Richard E. Dover is a real estate developer based in Knoxville, Tenn. A Tennessee native, Richard E. Dover has previously worked as a project manager for General Homes of Houston, Texas, as well as for its parent company CBRE. Richard E. Dover was also a self-employed real estate developer until taking the helm of Family Pride Corporation in 1993, a company primarily involved in developing high-quality assisted living facilities.
Presentation Solutions: Mr. Dover, please tell us about your renovation of the historic Alexander Inn.
Richard E. Dover: We are preserving this Oak Ridge historic property by renovating it and converting it into an assisted living facility.
Presentation Solutions: How is it historic?
Richard E. Dover: It was built in 1942, known then as the Guest House, when the Manhattan Project was starting in Oak Ridge. It housed some of the top scientists working on the atomic bomb such as Robert Oppenheimer and Enrico Fermi.
Presentation Solutions: How long will the renovation take?
Richard E. Dover: It’s a nine-month process. If you walk along the outside façade of the building today, you can see that there are lots of things that need work.
Presentation Solutions: Such as?
Richard E. Dover: All the windows have to be updated. But since we are committed to a historic renovation, the wood will need to look the same as it originally did.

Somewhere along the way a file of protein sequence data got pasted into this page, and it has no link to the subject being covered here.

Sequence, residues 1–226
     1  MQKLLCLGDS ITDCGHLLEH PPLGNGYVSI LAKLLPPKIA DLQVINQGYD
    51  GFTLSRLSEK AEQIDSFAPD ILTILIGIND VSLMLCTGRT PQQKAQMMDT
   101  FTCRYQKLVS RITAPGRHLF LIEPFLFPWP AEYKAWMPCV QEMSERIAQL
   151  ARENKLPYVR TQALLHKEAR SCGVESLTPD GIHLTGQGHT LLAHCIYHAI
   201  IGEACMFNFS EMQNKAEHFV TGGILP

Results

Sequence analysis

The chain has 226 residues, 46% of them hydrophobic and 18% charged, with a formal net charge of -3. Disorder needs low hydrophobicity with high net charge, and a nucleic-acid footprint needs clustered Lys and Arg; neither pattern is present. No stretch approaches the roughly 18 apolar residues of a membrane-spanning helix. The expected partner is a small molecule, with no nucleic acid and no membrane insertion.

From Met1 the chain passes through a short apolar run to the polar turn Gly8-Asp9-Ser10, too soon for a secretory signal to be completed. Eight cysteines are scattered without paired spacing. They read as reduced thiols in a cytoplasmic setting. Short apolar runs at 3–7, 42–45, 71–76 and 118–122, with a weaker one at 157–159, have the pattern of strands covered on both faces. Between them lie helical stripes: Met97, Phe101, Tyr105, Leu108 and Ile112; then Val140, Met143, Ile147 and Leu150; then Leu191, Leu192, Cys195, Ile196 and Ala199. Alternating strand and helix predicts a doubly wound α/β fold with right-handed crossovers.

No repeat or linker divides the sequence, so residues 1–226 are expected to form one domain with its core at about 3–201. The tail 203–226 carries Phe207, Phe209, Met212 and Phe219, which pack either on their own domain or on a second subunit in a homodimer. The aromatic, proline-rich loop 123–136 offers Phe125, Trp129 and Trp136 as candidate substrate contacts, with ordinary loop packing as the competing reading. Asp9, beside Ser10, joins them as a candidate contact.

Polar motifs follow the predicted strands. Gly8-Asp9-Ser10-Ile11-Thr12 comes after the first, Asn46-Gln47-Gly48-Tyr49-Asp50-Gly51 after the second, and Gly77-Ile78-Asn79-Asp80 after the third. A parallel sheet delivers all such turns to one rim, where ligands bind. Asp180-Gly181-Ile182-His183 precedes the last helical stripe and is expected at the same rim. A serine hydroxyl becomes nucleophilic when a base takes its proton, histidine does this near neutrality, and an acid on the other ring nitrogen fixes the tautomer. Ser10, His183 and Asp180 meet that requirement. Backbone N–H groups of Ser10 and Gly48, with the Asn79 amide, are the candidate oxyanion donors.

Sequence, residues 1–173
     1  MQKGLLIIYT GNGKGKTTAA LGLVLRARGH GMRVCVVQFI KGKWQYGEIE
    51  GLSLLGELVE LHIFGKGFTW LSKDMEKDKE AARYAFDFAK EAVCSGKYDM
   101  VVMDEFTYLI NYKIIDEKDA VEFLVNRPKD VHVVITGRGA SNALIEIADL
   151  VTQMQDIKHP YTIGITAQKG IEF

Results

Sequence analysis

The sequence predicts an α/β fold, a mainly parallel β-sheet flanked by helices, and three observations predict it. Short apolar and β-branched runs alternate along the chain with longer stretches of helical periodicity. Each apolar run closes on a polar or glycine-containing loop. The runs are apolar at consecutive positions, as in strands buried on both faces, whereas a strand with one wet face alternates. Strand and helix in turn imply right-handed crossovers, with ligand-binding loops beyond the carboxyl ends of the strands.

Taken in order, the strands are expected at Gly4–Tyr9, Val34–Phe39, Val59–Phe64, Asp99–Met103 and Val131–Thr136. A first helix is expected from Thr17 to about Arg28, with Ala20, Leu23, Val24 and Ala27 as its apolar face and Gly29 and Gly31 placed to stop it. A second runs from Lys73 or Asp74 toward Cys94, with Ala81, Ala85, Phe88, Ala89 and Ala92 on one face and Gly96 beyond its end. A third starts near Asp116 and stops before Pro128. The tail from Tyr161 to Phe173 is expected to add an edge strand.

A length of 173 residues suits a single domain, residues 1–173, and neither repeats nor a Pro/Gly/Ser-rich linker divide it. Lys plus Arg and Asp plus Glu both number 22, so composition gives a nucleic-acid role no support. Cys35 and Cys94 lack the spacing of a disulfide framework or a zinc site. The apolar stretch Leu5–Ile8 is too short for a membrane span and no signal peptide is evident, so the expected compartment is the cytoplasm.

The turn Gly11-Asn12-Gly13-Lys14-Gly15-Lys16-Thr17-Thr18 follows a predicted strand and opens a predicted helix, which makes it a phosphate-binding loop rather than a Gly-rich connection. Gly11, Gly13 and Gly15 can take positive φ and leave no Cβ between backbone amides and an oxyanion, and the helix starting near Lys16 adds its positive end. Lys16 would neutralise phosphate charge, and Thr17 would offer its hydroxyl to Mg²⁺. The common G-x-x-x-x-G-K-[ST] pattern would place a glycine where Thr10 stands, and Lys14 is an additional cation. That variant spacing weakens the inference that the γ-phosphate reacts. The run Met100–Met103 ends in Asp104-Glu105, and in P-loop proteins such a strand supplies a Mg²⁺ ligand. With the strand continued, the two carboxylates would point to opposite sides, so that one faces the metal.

Presentation Solutions: Your company is called Family Pride Corporation, correct?
Richard E. Dover: That’s right. We’ve done this before and we know we’ve got our work cut out for us. But people have waited a long time for this and we’re ready.
Presentation Solutions: Where are you in the process?
Richard E. Dover: We’ve just finished demolition, removing anything that’s hazardous to our crews. Despite the dilapidated appearance, the building could be a lot worse.
Presentation Solutions: How’s that?
Richard E. Dover: The general structure is in great shape and the areas that are bad, we’ll just start from the ground up and build anew.
Presentation Solutions: Will it be restored to look just like it did in the 1940s?
Richard E. Dover: Yes. As a protected historic site, the inn will be preserved to its original form. We think it’s great any time you can save a historical building like the Alexander Inn that has such a history in Oak Ridge.
Presentation Solutions: We’ve learned that the public has had a chance to own some of this history.
Richard E. Dover: That’s right. During demolition, we found all kinds of furnishings that were just going to be thrown away, so we wanted to give people a chance to have some things from the building.
Presentation Solutions: What about the historical pieces?
Richard E. Dover: All furniture and architectural pieces of real historic value have been removed and placed in several local museums, but there were still many other items for sale.
Presentation Solutions: What kinds of items?
Richard E. Dover: Mirrors, dressers, bed frames, old upholstered armchairs, and more. Volunteers removed all the remaining furniture and items from the dozens of rooms and held an estate sale.
Presentation Solutions: Were the items expensive?
Richard E. Dover: The items were mostly from the ’60s and ’70s and priced below $50.
Presentation Solutions: Who benefited from the sale?
Richard E. Dover: The funds benefited the East Tennessee Preservation Alliance.
Presentation Solutions: That sounds like a really great opportunity!
Richard E. Dover: There was some really neat stuff just sitting there and in great shape; it just took knocking the dust off it.
Presentation Solutions: Thanks for talking with us.
Richard E. Dover: My pleasure.